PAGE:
Shintarō Ishihara, Age 78, Wins Fourth Term as Governor of Tokyo

A week before the Great Tōhoku Earthquake, Tokyo Governor Shintarō Ishihara appeared to be on his way to retirement, but the crisis changed his course: you don’t change horses in midstream. I wish him health and success. I also look forward to translating more of his candid and casual remarks.

Governor Ishihara Receives Congratulations

4th Term Governor Ishihara: “If We Aren’t Frugal, Japan Won’t Last Much Longer”
Yomiuri Shimbun: 4選石原氏「つましくしないと日本もたない」
April 10, 2011

Shintarō Ishihara, his reelection for a fourth term as governor confirmed, said at the metropolitan government office, “If you’d like to know what I plan to do during my fourth term, I can tell you now: the same things I’ve been doing the last three, plus the disaster response. Tokyo is Japan’s dynamo. If Tokyo stops, Japan stops. Things are going to be difficult for Japan from here no out. We need self-sacrifice. If we aren’t frugal, Japan won’t last much longer. We need to stand shoulder to shoulder with each other and scrum.”

Governor Ishihara Suggests Citizens “Resist Pachinko and Vending Machines”
Yomiuri Shimbun: 「パチンコ我慢、自販機なくても」石原氏が持論
April 10, 2011

Shintarō Ishihara, just elected to a fourth term as Governor of Tokyo, said at a city hall press conference on the night of the 10th of electricity shortages stemming from the Fukushima I Reactor disaster, “Japan is the only country in the world in which pachinko and vending machines put together use almost 10 million killowatt hours of electricity per day. We need to reform our lifestyles. It would be good for the government to order us to save electricity. Pachinko players, please resist the game, and we can live without vending machines,” he opined.

Governor Ishihara Says DPJ Defeated Because it Recruited Inexperienced Candidates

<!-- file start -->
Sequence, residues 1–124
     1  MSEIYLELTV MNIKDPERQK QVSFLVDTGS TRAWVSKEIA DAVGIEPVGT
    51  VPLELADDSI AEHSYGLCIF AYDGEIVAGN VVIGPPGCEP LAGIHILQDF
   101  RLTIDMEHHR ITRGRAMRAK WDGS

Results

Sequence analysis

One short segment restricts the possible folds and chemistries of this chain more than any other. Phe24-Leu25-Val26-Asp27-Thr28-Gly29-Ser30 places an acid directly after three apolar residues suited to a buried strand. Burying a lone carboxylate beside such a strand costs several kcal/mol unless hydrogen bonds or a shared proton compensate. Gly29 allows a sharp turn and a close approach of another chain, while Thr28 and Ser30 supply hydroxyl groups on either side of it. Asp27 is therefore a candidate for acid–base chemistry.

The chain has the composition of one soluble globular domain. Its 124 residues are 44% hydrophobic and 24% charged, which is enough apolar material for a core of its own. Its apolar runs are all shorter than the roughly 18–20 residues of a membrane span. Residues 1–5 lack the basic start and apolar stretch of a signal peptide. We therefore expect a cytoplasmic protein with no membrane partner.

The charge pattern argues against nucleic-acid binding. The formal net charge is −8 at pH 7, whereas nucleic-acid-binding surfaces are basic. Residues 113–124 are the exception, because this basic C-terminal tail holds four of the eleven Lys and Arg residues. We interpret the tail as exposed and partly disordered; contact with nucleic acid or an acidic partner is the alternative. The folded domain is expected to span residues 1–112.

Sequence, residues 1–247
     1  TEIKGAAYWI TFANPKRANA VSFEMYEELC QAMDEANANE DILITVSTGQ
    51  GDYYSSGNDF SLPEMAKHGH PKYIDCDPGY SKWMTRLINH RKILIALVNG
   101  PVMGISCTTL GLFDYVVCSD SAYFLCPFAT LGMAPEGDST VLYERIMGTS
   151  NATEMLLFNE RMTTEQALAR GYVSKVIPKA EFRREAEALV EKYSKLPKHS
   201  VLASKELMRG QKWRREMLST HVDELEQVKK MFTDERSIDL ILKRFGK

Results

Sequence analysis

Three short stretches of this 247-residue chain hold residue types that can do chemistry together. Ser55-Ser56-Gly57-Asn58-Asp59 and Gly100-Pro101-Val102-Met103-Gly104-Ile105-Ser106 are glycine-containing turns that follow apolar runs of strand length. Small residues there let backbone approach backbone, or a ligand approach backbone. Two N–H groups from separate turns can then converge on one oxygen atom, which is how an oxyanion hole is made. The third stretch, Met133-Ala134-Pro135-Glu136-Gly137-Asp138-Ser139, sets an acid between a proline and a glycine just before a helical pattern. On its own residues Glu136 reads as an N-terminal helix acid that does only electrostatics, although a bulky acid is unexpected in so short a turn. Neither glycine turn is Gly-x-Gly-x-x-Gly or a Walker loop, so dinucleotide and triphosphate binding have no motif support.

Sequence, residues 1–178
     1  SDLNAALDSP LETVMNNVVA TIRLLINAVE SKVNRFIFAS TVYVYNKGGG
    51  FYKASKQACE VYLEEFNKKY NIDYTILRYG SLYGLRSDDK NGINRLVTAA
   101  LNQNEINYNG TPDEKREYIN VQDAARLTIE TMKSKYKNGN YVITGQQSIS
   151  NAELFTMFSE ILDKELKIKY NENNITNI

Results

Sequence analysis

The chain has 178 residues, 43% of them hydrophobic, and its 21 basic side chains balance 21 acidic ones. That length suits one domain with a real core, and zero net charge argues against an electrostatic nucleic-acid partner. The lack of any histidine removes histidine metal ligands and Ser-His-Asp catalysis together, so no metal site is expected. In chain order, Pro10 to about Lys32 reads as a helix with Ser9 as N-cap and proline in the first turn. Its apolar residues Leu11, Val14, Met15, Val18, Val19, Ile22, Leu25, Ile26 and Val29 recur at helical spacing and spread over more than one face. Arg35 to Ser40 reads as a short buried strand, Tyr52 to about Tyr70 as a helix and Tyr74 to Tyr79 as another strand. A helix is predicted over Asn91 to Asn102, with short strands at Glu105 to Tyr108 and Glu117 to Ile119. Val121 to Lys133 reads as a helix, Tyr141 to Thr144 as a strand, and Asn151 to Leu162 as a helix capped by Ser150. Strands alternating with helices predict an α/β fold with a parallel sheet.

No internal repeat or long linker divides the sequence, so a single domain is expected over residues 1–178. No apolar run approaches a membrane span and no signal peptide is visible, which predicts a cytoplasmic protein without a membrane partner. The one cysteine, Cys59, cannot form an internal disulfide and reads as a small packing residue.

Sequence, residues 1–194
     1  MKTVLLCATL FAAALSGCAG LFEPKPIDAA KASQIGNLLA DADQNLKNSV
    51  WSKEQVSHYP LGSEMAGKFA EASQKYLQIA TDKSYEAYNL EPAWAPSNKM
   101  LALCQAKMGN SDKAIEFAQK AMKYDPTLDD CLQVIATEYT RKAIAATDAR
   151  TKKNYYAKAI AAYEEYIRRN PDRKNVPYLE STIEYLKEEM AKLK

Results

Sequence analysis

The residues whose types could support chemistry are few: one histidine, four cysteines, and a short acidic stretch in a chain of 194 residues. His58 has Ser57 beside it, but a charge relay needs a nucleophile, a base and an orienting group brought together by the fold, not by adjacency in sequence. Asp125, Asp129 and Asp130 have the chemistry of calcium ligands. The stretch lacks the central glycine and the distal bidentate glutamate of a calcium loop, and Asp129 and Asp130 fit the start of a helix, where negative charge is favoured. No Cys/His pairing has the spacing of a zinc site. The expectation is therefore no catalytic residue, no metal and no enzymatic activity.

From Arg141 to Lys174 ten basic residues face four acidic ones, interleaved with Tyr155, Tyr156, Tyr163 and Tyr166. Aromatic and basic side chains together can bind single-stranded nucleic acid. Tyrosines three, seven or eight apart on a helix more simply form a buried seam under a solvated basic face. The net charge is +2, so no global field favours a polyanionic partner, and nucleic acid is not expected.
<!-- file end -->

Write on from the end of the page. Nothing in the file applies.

Yomiuri Shimbun: 民主敗北、未熟な人の集まりだから…石原知事
April 11, 2011

Shintarō Ishihara (78), reelected to a fourth term as Governor of Tokyo after receiving more than 2.6 million votes, said on the morning following the election that he will continue wearing protective clothing in his public appearances to show solidarity with the areas damaged by the Great Tōhoku Earthquake.

A little after 10:00 AM, while bowing in greeting and entering the metropolitan government office, Mr. Ishihara said, “The national government has switched back to its old wardrobe, but we aren’t in that state of mind yet. They won’t open up the region around the nuclear power plant, but they’re looking nice in their suits and neckties, aren’t they?” he jabbed at the ruling Democratic Party of Japan.

He said of that party’s defeats in the first half of the country’s local elections, “Well, it was a fait accompli. They recruited inexperienced people.” “Pachinko’s not a very sophisticated game; the amount of electricity we’re pumping into it is comical. I think we need to take a hard look at ourselves as a society,” he said, repeating the “Ishihara power-saving measure” he proposed the night before.

The loser, former Miyazaki Governor Hideo Higashinokokubaru (53), asked about falling over 900,000 votes short of Mr. Ishihara, turned the question aside: “I lost. Any margin would have felt the same.”




(2011年4月10日23時27分 読売新聞)


(2011年4月10日21時17分 読売新聞)






(2011年4月11日14時34分 読売新聞)

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